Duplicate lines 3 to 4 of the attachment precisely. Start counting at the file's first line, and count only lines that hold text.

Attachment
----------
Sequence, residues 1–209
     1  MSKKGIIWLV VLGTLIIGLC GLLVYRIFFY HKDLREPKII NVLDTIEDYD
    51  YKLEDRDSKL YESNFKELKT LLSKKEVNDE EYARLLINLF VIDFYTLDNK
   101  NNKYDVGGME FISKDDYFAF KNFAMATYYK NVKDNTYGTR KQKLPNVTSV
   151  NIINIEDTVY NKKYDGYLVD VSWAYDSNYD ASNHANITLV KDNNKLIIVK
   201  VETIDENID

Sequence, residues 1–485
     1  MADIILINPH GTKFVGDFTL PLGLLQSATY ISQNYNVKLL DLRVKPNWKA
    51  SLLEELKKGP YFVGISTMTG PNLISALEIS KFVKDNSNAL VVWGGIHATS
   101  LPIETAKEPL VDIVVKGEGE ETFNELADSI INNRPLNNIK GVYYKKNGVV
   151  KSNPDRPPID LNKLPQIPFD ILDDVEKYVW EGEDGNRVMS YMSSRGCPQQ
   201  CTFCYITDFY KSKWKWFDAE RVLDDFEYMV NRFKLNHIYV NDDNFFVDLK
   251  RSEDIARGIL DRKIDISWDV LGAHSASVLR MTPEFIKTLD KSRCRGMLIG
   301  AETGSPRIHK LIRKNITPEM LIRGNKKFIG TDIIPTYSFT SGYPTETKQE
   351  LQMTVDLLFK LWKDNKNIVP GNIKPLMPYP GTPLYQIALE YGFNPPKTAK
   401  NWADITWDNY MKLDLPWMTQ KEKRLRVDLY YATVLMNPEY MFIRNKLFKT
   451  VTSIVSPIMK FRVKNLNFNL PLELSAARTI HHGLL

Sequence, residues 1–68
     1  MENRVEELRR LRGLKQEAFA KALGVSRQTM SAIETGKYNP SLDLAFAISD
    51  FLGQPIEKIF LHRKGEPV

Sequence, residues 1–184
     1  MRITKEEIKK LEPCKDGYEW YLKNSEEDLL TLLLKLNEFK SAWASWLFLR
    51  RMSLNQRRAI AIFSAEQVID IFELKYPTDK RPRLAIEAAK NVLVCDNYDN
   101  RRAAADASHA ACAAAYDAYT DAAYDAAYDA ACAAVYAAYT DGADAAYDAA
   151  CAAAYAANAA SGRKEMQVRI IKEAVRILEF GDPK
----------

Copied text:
    51  YKLEDRDSKL YESNFKELKT LLSKKEVNDE EYARLLINLF VIDFYTLDNK
   101  NNKYDVGGME FISKDDYFAF KNFAMATYYK NVKDNTYGTR KQKLPNVTSV